WorkSafe Victoria recently released a guideline, or clarification, on what it considers to be the issues surrounding “employing or engaging suitably qualified persons to provide health and safety advice“.
SafetyAtWorkBlog remains to be convinced that such a process will lead to better safety outcomes in the small to medium-sized enterprises at which this program is aimed. The OHS legislation clearly states that the employer is the ultimate decider on which control measures to implement to address a workplace hazard. This is echoed in the WorkSafe guideline
“It is important to note that employing or engaging a suitably qualified person to provide OHS advice does not discharge the employer from their legal responsibilities to ensure health and safety as required under Part 3 of the OHS Act. This duty cannot be delegated.”
A business manager will weigh up the advice sought or given from a variety of sources and make a decision. A good business manager will take responsibility for the good or bad results of their decision. But they need to have a clear understanding of their obligations and Victoria’s legislation could be confusing.
The guideline says that
“Employers are expected to take a proactive approach to identify and control hazards in the workplace before they cause an incident, injury, illness or disease.”
This reitereates one of the safety principles in the 2004 OHS Act
“Employers and self-employed persons should be proactive, and take all reasonably practicable measures, to ensure health and safety at workplaces and in the conduct of undertakings.”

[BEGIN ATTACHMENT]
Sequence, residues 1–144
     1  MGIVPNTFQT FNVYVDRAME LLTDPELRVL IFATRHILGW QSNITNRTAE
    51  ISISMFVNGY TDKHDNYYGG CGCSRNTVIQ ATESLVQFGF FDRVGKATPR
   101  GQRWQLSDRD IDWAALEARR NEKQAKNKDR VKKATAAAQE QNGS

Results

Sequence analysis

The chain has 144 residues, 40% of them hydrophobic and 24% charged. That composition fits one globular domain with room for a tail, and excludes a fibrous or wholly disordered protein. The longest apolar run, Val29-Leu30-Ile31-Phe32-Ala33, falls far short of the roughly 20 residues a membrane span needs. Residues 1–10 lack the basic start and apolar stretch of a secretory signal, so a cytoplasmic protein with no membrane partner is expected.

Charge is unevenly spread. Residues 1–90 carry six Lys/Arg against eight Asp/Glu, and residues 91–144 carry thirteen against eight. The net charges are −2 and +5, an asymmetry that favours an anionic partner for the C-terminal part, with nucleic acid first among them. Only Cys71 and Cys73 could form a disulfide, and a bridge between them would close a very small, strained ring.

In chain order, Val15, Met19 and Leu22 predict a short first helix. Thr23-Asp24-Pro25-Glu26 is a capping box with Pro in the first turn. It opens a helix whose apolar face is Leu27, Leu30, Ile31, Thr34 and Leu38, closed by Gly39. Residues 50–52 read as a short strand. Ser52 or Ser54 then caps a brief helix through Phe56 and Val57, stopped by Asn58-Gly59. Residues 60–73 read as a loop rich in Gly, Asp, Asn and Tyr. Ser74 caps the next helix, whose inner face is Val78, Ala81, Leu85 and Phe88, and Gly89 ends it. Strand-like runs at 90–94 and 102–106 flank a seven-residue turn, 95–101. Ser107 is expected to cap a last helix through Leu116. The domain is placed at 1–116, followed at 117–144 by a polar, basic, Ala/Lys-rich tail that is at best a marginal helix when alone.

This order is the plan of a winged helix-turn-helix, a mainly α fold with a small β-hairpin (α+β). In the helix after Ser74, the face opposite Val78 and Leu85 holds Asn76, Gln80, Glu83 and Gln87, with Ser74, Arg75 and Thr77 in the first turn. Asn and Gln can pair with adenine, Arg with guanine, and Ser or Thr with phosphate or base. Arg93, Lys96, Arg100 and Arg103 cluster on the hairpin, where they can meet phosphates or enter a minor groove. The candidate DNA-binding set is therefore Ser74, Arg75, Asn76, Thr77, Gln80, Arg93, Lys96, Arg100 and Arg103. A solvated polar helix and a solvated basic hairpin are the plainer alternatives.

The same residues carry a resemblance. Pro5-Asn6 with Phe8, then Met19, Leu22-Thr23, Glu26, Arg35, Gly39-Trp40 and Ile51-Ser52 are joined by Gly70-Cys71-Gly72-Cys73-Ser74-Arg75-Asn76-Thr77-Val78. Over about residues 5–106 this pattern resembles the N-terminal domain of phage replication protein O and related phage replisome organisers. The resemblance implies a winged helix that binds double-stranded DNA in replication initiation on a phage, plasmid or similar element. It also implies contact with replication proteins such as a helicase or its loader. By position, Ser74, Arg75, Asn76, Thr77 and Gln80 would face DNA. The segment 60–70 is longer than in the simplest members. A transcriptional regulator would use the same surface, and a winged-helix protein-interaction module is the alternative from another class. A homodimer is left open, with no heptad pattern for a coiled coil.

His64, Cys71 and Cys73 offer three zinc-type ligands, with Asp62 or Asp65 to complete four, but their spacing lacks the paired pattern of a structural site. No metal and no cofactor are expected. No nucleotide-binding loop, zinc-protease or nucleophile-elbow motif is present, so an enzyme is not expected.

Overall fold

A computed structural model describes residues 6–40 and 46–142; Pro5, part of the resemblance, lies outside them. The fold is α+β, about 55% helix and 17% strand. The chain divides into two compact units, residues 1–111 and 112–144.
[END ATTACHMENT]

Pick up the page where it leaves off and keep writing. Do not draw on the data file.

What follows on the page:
“… it is the intention of the Parliament that the principles be taken into account in the administration of the Act.”
The principles are there for judicial colour and community reassurance but with no real impact.
The obligations on an employer, the section that determines the actions and plans of the business owner or managers, are, as well as general duties:
“Duties of employers to employees
(1) An employer must, so far as is reasonably practicable, provide and maintain for employees of the employer a working environment that is safe and without risks to health……..
(2) Without limiting sub-section (1), an employer contravenes that sub-section if the employer fails to do any of the following-
(a) provide or maintain plant or systems of work that are, so far as is reasonably practicable, safe and without risks to health;
(b) make arrangements for ensuring, so far as is reasonably practicable, safety and the absence of risks to health in connection with the use, handling, storage or transport of plant or substances;
(c) maintain, so far as is reasonably practicable, each workplace under the employer’s management and control in a condition that is safe and without risks to health;
(d) provide, so far as is reasonably practicable, adequate facilities for the welfare of employees at any workplace under the management and control of the employer;
(e) provide such information, instruction, training or supervision to employees of the employer as is necessary to enable those persons to perform their work in a way that is safe and without risks to health. “